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The nature and sequence of development of the elements of fabric which characterize the metasediments of the Manhattan Formation occurring on Manhattan Island have been investigated. Three phases of deformation have been separated, and the time relations and geometrical form of the three sets of folds and associated planar and linear structures elucidated on the basis of field observations and structural analysis.

Regional metamorphism with the development of the dominant foliation, axial plane to isoclinal folds, was associated with the earliest recognized phase of deformation, termed the Riverside Fold Phase. The most prominent and commonly developed folds were formed during a second phase, the Central Park Fold Phase. Both the banding and dominant foliation were deformed, and the trend of the axes of these folds generally corresponds with the trend of the Appalachian mountain belt. In a third phase of deformation, the Park South Fold Phase, open symmetrical folds were formed. Over most of the Island the effects on pre-existing structures were of a minor nature, but in localized areas deformation was pronounced.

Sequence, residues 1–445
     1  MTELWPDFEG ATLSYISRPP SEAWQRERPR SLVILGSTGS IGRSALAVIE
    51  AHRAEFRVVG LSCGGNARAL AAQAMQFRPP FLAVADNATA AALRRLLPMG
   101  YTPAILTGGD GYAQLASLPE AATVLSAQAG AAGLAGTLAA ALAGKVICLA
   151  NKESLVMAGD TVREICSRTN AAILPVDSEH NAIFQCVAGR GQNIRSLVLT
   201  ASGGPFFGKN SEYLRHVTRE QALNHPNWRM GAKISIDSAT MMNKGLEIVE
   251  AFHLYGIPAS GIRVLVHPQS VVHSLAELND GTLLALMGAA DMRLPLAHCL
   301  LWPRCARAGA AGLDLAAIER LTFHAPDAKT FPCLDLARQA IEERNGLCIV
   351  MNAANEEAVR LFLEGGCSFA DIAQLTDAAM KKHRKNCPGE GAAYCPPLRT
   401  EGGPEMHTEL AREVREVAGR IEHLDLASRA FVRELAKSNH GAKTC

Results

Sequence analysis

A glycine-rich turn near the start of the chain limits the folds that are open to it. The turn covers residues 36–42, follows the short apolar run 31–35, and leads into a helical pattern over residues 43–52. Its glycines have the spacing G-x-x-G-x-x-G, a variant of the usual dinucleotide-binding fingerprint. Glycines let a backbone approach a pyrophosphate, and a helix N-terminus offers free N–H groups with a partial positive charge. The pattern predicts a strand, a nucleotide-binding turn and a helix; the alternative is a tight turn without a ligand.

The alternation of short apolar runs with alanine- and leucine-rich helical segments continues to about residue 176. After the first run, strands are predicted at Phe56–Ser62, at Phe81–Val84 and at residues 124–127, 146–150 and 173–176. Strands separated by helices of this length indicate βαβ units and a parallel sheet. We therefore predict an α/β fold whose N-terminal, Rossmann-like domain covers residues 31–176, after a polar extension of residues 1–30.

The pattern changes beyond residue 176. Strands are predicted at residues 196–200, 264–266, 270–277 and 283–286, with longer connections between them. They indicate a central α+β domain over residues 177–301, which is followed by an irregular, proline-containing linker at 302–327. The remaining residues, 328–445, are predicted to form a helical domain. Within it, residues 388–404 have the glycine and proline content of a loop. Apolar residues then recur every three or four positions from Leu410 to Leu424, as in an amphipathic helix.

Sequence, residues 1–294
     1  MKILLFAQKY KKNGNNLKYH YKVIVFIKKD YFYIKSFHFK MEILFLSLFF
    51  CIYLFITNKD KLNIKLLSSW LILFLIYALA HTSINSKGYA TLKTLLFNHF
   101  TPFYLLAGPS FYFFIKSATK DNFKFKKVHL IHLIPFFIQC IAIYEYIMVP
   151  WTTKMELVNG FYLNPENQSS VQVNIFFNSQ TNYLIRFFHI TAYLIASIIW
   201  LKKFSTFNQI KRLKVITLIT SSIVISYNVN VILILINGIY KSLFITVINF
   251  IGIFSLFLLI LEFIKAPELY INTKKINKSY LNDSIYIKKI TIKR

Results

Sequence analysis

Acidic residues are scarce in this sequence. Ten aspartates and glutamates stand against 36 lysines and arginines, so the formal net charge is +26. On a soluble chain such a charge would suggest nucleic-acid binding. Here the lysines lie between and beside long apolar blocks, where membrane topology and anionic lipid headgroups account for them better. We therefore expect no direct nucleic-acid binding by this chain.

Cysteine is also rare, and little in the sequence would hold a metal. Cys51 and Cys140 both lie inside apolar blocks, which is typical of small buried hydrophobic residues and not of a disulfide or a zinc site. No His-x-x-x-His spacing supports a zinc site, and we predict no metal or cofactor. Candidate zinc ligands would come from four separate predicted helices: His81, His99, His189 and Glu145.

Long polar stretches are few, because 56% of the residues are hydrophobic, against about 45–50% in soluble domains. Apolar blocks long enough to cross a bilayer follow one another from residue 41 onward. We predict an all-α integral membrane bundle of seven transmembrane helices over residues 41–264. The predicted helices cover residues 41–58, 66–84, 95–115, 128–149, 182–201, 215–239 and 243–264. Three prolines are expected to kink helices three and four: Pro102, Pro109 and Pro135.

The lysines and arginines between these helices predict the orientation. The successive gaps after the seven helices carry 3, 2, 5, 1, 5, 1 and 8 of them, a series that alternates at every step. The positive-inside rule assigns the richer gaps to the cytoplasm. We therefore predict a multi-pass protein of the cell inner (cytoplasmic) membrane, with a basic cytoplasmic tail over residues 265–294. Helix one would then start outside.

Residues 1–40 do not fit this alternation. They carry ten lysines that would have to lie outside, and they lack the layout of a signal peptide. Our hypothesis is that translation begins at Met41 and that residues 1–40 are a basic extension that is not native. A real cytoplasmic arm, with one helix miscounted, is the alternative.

The considerable range shown by the published age dates for the metamorphism of the Manhattan Formation is attributed to the varying effects of the three phases on the potassium/argon and rubidium/strontium isotopic proportions.

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